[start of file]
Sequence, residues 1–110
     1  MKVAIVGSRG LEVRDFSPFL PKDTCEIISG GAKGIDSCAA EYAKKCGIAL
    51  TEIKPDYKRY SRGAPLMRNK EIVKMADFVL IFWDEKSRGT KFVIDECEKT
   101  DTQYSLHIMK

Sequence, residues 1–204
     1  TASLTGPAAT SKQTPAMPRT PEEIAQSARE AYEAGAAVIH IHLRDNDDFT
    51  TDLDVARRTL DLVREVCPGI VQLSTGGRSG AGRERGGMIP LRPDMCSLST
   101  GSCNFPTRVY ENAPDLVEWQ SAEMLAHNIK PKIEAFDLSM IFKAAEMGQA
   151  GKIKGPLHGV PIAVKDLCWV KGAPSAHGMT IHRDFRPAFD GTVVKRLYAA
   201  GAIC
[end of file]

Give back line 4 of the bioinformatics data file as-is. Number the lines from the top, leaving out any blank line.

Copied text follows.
   101  DTQYSLHIMK